This is an example of systematic risk: the risk that a failure in one part of the system spreads like a contagion throughout the system. Technology has facilitated the ability to process trillions of dollars every day through the global financial architecture. However, each country has only a small number of individual systems, and these systems interact with each other around the world, so the ramifications of a systemic failure are dramatic.
An institution responsible for studying and developing guidelines for risk management in the financial system is the Bank for International Settlements (BIS), a Geneva-based institution that acts as a bank for central banks and uses various initiatives to promote cooperation between international financial and monetary entities. systems.
In 2001, the BIS Committee on Payment and Settlement Systems (CPSS) introduced a set of guidelines for critical payment systems called Basic Principles for Systemically Important Payment Systems. This establishes 10 principles for prudent operation and risk mitigation for those systems, in particular, the large-value clearing and settlement systems described above, where a failure in one part of the system could quickly spread.
The Basic Principles also establish recommendations for the particular responsibilities of national central banks in the operation, supervision and use of critical systems in their jurisdictions. The proper functioning of national payment systems is often explicitly stated in the organizational mandate of a central bank. For example, the organizational mandate of the US Federal Reserve System consists of five activities:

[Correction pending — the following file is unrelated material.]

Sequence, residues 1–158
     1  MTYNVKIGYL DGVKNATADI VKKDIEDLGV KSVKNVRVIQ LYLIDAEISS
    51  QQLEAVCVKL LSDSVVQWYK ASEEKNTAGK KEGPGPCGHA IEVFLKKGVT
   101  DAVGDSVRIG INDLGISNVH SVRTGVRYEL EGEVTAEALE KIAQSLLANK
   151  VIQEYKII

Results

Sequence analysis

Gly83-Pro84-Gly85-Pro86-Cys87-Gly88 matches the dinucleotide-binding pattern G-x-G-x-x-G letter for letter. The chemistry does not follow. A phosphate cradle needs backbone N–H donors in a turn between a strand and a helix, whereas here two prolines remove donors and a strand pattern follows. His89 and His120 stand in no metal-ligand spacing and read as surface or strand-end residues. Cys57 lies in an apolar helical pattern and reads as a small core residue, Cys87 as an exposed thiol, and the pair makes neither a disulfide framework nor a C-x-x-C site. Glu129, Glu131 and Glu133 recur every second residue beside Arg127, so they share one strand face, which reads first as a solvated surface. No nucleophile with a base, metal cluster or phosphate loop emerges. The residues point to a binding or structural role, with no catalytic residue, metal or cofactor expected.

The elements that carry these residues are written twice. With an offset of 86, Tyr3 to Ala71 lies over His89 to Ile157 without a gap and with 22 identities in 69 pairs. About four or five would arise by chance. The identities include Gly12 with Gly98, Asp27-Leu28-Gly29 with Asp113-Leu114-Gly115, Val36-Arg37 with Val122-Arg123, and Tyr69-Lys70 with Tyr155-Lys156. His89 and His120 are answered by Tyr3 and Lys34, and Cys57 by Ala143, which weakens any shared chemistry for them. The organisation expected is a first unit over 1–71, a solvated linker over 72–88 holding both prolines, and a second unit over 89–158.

- Conduct of monetary policy
- Promotion of the stability of the financial system
- Supervision and regulation of the banking system
- Facilitation of the proper functioning of the national payment system
- Development and administration of laws and regulations governing consumer credit and community development.
The bottom line
National payment systems are vital to the integrity of the global financial system. Technology and globalization have facilitated the rapid growth of systems for processing non-monetary electronic transfers between parties located anywhere in the world.
The payment system in any country will consist of a small number of retail, high-value, and securities settlement systems that link to systems in other countries through various liaison platforms and correspondent relationships. Risk actualization, such as one party’s default in a high-value transaction, has the potential to spread far and wide and thus compromise the integrity of the system, making the payment system a An important priority for central banks and other key institutions in the financial community.